That said, revisions and scope changes are all part of the process, which is why having a process to handle them will keep expectations aligned and the relationship healthy. First, you need to learn how to listen actively. This means not only to hear your client, but to work on understanding what they are saying. When you get feedback from them, think about what it means—what do they want? Work through it and ensure that you understand them by checking in with them.
It is also imperative to distance yourself emotionally from the feedback as well. Especially during creative projects, freelancers can become connected to their work. This can cloud your judgement and lead to perceiving any feedback as offensive—which is important you don’t do! Keep a clear head and understand that this is business. Instead of being insulted, try to understand why your client was not satisfied with the work. If you need to, ask them more questions to find a solution you can both agree on. Try to put yourself in their shoes and look for the underlying issue.
5. Put everything in writing
You should also clearly outline what needs to be done, what exactly you agreed upon, how that expands the previous scope, and solicit the client’s approval (all in writing) to keep your workflow neat and avoid misunderstandings.
Don’t be afraid to over-communicate. In a remote setting it’s better to communicate more rather than less. That way you will both be on the same page at all times—and your relationship can keep growing and develop into an ongoing one.
Turning a successful engagement into ongoing (and additional) work
Every freelancer’s best case scenario is to build a relationship with their clients that extends beyond the initial design or development scope into an engagement where they continue to do ongoing work as the product or clients’ needs develop over time.
For example, before I was a part of Nifty, I was a freelancer designing websites for local businesses in my community, my goal was to show value I could provide to potential clients since the very first meeting. One of the clients was a small audiology practice in New York that needed a very basic website, nothing much more than a landing page.
However, I showed my interest in the client’s business. I tried to understand what they were going through and why they needed a landing page. More importantly, I tried to figure out if they needed a landing page—or additional content as well. Then, I talked with the client about their goals, going through the steps described previously. This way, I was able to build a strong rapport with my client.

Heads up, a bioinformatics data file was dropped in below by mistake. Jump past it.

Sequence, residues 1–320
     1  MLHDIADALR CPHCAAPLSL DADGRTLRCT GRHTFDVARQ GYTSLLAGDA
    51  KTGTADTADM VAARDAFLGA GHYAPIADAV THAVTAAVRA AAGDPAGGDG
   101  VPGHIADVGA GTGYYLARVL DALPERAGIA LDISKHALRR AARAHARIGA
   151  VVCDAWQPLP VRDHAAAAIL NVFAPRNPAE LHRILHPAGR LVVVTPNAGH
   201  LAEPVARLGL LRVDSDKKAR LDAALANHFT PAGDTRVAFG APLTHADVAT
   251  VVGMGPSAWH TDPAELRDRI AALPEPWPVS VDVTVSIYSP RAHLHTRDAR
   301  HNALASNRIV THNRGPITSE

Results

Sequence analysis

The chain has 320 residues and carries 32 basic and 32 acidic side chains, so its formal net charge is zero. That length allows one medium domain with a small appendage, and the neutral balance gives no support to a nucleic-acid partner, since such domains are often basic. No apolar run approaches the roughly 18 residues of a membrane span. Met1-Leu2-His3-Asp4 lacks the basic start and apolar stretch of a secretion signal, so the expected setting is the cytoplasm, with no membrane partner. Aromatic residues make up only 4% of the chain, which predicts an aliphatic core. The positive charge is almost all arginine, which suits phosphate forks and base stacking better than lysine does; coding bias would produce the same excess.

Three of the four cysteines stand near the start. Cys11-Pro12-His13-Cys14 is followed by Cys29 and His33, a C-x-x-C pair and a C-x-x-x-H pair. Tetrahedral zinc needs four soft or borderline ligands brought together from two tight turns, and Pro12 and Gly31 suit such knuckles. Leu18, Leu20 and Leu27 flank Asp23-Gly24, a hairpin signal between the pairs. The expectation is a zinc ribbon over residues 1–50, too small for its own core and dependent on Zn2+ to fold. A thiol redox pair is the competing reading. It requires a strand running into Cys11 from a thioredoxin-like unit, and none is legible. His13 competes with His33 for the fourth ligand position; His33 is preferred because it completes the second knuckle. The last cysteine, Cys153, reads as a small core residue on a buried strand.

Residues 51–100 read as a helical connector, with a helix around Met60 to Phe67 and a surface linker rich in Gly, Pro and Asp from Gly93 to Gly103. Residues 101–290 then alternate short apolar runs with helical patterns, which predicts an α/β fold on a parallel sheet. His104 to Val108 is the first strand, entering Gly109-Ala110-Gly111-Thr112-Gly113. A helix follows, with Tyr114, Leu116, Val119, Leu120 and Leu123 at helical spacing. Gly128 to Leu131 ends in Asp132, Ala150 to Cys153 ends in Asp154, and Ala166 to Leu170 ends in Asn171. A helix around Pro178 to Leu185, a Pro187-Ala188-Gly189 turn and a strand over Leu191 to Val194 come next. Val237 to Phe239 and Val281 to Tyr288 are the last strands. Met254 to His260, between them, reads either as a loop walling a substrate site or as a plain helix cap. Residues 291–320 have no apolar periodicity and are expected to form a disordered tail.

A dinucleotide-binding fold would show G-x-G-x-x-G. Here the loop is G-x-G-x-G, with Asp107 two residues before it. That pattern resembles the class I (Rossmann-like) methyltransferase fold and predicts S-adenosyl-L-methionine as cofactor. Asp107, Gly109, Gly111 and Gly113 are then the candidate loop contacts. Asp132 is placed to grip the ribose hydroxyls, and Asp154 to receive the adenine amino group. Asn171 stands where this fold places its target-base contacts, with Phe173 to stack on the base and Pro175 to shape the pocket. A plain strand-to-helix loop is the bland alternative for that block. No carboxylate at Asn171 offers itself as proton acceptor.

By developing an excellent relationship, I was able to extend my value to the client by maintaining the website, which led to launching a new ecommerce channel to sell hearing aid batteries spearheaded by a weekly content strategy. So, in essence, my creativity and anticipation of my client’s needs lead to additional working opportunities to work on developing another part of her business.
Efficient collaboration and understanding the clients’ business and future needs is what caused this engagement to be so successful, because I not only solved the initial problem I was tasked to do but extended my value into other areas of her business. This client’s happiness showed even greater dividends by her referring me to three other small businesses to help with similar digital transformation and design efforts.
Transparency, creativity and efficiency are some of the most important skills of successful freelancers. However, very often it is the simple things that tend to get overlooked such as the basic scope of the project and understanding the needs of your client. Look to leverage your entire skill set through proactive and consistent communication to expand scopes in your favor and win referrals down the road.
About the author
Samuel Goldstein is a member of the marketing team at Nifty PM and is passionate about all things product and growth. In his spare time, he loves playing sports and doing anything outdoors.